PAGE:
Dear Amy: Two years ago (prior to the pandemic), my husband and I went on a cruise with longtime friends. They then asked us to join them again.
The date is approaching, and we are having a huge problem letting my sister know we are going. I know this is a first-world problem, but my sister is a widow and counts on us to provide her with all her socialization.
My husband has been a saint in making her a part of all our vacations, dinners out, etc., with no complaint. We have been married for 52 years and my sister has been widowed for 20 years.
She is always complaining of how she is bored and feels no one does anything to provide her with “things to do,” or asking her to be part of vacations, dinner parties, etc.
We are at a loss on how to tell her we are leaving without her on this trip.
She is wealthy, we are not, but she has no one to go with her on adventures.
Past experiences when this has happened have been incredibly unpleasant. She becomes very depressed and will go for weeks without speaking to us.
It makes us feel guilty for going without her, but we also believe we are entitled to have our own life. There are many past familial issues with my mother who was mentally ill, leading to feelings of abandonment and guilt.
Is there any way we can tell her we are leaving for nine days without her feeling left out and abandoned?
We have considered offering to go with her on a trip of her choosing at Christmas, but we don’t know how to approach the situation.
It is causing me (and my husband) much anxiety.
I actually vomit due to anxiety over this.
What can we do?
Dear Guilty: Your sister is something of an emotional vampire, and your generosity toward her over the last 20 years has enabled her to control you to the extent that you and your husband have already determined that you won’t be able to enjoy a wonderful vacation without her.
That’s how powerful and successful her training has been!
If you had established some reasonable boundaries years ago, your sister might have her own life by now.
There are many wonderful opportunities for guided travel available to solo travelers with the means and motivation.
If you don’t have the backbone to tolerate your sister’s tantrum, then you should just give in, stay home, and devote yourselves to her needs.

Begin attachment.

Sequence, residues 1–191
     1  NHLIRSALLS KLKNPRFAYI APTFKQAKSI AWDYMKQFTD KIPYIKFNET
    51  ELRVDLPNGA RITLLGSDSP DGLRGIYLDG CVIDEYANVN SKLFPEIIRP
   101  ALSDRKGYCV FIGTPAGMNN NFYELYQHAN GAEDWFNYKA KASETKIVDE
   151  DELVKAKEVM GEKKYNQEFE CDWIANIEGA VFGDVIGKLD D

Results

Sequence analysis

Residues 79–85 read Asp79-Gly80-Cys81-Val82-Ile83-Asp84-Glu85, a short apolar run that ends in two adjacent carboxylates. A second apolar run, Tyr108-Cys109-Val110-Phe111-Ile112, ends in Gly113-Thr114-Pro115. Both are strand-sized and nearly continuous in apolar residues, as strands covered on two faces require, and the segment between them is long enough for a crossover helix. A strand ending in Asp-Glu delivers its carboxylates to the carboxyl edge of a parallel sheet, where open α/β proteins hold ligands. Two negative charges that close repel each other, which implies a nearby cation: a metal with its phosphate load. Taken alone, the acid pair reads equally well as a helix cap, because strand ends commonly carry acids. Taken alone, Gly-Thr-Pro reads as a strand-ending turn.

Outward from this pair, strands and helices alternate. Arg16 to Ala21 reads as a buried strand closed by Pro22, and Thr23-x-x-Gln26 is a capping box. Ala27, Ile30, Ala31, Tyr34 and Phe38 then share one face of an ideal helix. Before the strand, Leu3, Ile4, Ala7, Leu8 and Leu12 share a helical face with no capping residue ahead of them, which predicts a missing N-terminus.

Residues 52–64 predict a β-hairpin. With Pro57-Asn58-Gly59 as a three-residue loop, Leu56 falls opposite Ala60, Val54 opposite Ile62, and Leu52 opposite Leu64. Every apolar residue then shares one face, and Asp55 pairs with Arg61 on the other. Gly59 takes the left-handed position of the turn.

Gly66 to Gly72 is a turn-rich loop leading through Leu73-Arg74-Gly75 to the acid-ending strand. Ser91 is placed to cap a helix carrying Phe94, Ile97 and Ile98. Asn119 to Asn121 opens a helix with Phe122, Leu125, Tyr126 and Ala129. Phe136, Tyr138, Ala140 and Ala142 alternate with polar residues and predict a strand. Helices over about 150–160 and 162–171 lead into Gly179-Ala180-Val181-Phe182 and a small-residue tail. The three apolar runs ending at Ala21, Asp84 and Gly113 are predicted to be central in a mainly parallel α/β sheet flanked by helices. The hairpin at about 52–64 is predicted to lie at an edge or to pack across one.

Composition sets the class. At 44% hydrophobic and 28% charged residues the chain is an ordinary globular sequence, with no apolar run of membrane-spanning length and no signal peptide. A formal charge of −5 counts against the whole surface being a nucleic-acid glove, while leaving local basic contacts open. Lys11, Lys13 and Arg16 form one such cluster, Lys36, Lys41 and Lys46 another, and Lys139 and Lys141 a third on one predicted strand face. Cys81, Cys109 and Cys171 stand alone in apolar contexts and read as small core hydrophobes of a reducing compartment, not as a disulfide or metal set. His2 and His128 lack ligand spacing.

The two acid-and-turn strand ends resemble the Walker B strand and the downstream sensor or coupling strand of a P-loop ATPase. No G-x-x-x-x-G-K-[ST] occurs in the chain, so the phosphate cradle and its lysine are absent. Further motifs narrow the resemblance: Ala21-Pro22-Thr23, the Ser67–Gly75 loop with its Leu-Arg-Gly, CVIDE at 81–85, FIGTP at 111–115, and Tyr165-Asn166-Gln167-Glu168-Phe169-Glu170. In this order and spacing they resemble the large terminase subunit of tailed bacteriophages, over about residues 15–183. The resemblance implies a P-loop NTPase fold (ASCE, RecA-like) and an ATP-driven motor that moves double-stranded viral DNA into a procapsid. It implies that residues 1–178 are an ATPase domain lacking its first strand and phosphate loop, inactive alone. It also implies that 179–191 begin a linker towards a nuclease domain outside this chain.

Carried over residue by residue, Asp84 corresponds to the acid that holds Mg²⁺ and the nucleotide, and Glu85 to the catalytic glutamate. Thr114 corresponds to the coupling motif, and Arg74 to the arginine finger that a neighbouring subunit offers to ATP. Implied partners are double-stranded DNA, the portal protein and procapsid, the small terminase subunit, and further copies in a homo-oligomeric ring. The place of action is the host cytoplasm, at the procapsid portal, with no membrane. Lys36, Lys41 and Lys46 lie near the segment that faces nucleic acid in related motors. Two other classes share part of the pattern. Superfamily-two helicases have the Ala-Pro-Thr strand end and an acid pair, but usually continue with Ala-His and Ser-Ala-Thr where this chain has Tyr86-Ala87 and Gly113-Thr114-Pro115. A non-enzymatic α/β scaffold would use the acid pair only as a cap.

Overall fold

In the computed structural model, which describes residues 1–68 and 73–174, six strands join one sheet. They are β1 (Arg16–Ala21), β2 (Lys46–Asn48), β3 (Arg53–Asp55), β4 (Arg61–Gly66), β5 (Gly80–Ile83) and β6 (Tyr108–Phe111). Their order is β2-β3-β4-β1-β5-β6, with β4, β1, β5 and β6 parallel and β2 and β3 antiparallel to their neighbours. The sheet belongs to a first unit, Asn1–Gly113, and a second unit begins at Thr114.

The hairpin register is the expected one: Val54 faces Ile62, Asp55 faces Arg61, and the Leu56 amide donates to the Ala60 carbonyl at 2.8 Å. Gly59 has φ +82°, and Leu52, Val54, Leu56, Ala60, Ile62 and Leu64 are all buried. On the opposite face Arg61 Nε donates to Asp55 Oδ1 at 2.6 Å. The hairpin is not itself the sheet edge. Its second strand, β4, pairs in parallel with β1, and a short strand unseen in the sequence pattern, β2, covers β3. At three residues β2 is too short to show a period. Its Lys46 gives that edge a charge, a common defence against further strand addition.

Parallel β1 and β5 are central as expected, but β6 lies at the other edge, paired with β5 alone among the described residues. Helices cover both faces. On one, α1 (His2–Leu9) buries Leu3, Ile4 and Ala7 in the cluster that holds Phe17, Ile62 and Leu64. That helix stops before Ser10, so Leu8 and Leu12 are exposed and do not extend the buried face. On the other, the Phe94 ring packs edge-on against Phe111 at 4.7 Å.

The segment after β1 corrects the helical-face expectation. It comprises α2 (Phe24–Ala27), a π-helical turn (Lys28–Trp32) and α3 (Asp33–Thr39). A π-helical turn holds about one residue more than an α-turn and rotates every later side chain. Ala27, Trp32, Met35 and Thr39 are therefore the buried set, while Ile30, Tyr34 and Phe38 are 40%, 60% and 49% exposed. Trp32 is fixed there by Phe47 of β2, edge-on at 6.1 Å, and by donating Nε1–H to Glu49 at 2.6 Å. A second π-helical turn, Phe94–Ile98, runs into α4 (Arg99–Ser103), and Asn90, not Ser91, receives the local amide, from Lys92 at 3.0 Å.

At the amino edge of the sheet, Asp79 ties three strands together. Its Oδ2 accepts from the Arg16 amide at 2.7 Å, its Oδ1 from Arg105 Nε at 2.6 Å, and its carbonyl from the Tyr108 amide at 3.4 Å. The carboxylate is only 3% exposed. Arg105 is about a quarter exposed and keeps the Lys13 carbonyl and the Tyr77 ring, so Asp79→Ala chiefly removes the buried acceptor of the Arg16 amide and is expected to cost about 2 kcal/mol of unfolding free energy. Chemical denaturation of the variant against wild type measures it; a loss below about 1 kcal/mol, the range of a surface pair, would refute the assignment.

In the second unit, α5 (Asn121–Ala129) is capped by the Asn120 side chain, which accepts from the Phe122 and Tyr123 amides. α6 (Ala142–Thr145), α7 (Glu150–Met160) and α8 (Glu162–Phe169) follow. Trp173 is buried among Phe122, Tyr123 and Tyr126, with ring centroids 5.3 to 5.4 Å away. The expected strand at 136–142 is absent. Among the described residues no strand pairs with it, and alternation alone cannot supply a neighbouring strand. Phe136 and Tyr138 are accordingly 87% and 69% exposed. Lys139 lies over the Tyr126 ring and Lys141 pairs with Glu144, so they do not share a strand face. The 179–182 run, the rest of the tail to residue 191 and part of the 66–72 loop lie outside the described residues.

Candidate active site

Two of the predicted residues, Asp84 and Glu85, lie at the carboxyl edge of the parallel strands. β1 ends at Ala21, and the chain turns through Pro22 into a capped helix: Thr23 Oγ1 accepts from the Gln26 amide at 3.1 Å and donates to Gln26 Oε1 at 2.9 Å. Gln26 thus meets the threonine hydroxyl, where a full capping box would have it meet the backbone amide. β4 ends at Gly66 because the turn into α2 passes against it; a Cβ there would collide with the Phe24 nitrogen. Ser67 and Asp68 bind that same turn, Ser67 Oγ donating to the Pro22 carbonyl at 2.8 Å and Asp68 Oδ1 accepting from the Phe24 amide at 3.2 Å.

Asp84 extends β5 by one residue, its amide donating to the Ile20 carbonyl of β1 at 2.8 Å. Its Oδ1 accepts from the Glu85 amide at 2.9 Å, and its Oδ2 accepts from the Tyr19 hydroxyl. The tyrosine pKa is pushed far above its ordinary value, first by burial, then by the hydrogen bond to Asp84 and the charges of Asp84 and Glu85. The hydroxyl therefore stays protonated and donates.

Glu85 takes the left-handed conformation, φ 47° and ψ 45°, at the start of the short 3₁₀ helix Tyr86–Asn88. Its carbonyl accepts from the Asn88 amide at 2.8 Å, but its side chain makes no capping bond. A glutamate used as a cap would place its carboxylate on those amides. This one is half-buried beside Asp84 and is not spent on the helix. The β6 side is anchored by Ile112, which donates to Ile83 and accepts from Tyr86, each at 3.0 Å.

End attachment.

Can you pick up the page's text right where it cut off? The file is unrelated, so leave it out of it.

However, you might liberate yourselves from this control if you prepare yourselves for her reaction and simply choose not to be triggered by it this time.
You say, “We’re leaving for a cruise at the end of the month and will be gone for nine days. We’re pretty excited and looking forward to it, and we’ll see you when we return.”
Do not offer her alternate vacations in order to appease her. That is just reinforcing behavior which you are seeking to change.
Dear Amy: My husband and I always have this disagreement whenever we go out for a meal.
Do you base your tip on the total amount (like I do) or before the tax (like my husband)? Please settle this for me!
– Big tipper in NJ
Dear Tipper: Strictly speaking, if you tip on the total (including tax), then part of your tip is actually based on the tax itself – not on services rendered.
However, I base my tip on the total, and then add some.
I do this because I once waited tables.
Also, because I can.
The U.S. Department of Labor publishes a table of minimum wages for tipped employees (which vary by state). Ask your husband to take a look at this chart (search on DOL.gov) and ask if shaving a few pennies off of a tip from these truly minimal hourly minimums is really worth it to him.
Dear Amy: I was disappointed by your response to “Tired.” This letter was written by a mom who didn’t like it when her adult children kept bouncing back home for long or short stays.
You should have suggested that she give them jobs to do! At the very least, each visiting child should pay for/prepare one meal for the family.
– Never an Empty Nest
Dear Never: I did suggest that “Tired” should set up some boundaries in terms of cooking and cleaning, but yes – giving them specific jobs would be better.
©2021 Amy Dickinson. Distributed by Tribune Content Agency, LLC.